Great question! One year is all they will need to grow enough roots to support their canopy. After one year they can be damaged from girding where the straps are tied to the trunk. If left on too long the tree will also become dependent on the stakes. Remember, staking is a must in our windy climate. Be sure to use tree straps made of nylon. DO NOT use wire, rope, or hose as these materials can damage the bark. We carry all the products needed to stake your trees.

What is Mycorrhizae?

Mycorrhizal fungi usually occurs naturally in the soil. Forming a close symbiotic relationship with plant roots. They are called mycorrhizae (from the Greek “mukés”, meaning fungus, and “rhiza,” meaning roots). However, in most soils that have been disturbed by residential construction, or intensive cropping practices with applications of fertilizers containing pesticides and other chemical products, the mycorrhizae content has considerably diminished, and has become insufficient to significantly enhance plant growth. When mycorrhizal fungi colonize the plant’s root system, they create a network that increases the plant’s capacity to absorb more water and nutrients such as phosphorus, copper, iron, and zinc. This process in turn enhances growth and favors rapid development of roots and more vigorous plants.

How much Mycorrhizal fungi will you need?

A great link with more info. Click Here

The root on the left is uncolonized while the root on the right has been colonized by Mycorrhizae.

B&B vs. Container

B&B Trees are those grown in fields that are then dug by hand or with tree spades (ours are dug with tree spades so that we can dig a larger rootball), then balled in a burlap sack inside a wire basket. The burlap is pinned tightly and then twine is laced on top of the basket to hold the package together. A container grown tree is exactly what it sounds like, a seedling or smaller sized container tree is potted in a plastic container where it is grown until it is sold, or moved up to a larger container to grow as a bigger tree/shrub.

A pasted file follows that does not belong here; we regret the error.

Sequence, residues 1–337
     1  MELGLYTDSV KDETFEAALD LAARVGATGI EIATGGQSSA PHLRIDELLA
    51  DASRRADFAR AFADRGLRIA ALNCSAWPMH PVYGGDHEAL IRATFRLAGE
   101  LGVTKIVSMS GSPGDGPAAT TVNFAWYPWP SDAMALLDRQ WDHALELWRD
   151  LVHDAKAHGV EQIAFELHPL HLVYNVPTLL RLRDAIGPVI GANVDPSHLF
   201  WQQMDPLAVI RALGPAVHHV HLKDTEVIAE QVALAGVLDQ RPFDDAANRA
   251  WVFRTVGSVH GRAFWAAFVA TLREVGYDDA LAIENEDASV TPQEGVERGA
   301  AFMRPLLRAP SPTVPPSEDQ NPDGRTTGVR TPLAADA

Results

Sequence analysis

B&B Trees


  • B&B trees that are grown correctly have very little chance of girdling roots (these are roots that grow in a circular pattern and can choke/kill a tree).
  • A wide range of sizes are available anywhere from 1.5” caliper up to 5″, or more, if you want a really big tree.
  • There is not a soil barrier created when transplanting a B&B soil rootball compared to planting a rootball that is all soilless media used in container grown trees.
  • There is a much better selection of B&B trees compared to container grown trees.
  • B&B trees usually have a more mature looking branch structures vs their container grown counterparts.
  • B&B trees need watered less frequently initially.

Basically, it is a better system. We see a higher success rate with B&B trees vs. container grown trees.  We spend countless hours finding the best growers and reviewing their growing practices to ensure you are getting the highest quality.


  • They are heavier than container grown trees, but we offer full service delivery/planting so you won’t hurt your back.
  • Usually the smallest you can dig are 1.5” caliper or 3’ tall.  Little saplings and very young deciduous trees are usually in containers.


  • The burlap sack will negatively affect the way roots grow and how water reaches the root zone. NOT TRUE. Roots will grow through the burlap very quickly. Trees that were dug in the spring may have up to 3’ of new roots by the end of the summer. We see this regularly when pulling spring dug trees for customers in the late summer/fall. When planting, we will make sure the burlap is not wrapped around the trunk of the tree.
  • When the tree was dug the tap root was cut and the tree won’t live. NOT TRUE. Many trees don’t even have a tap root. Yes, all the roots were cut, but by digging the proper sized rootball based on the current size of the tree, we expect to have over a 98% success rate. B&B trees that are grown and dug correctly have a very, very good chance of survival.


Container Trees


  • Conatiner trees are lighter weight and easier to carry/handle than larger B&B trees. They are available in smaller sizes and are a great choice if you are wanting to plant yourself.


  • Trees grown in containers have a much higher chance of girdling roots, especially those that sit in containers too long. We try to avoid this by turning our inventory quickly, and using growers who monitor the conditions of their crops. Also with proper planting techniques you can avoid girdling roots.
  • They take more water to get established because of the light soilless media used to grow trees in containers.
  • They usually have a very immature looking branch structure compared to a B&B tree of the same size.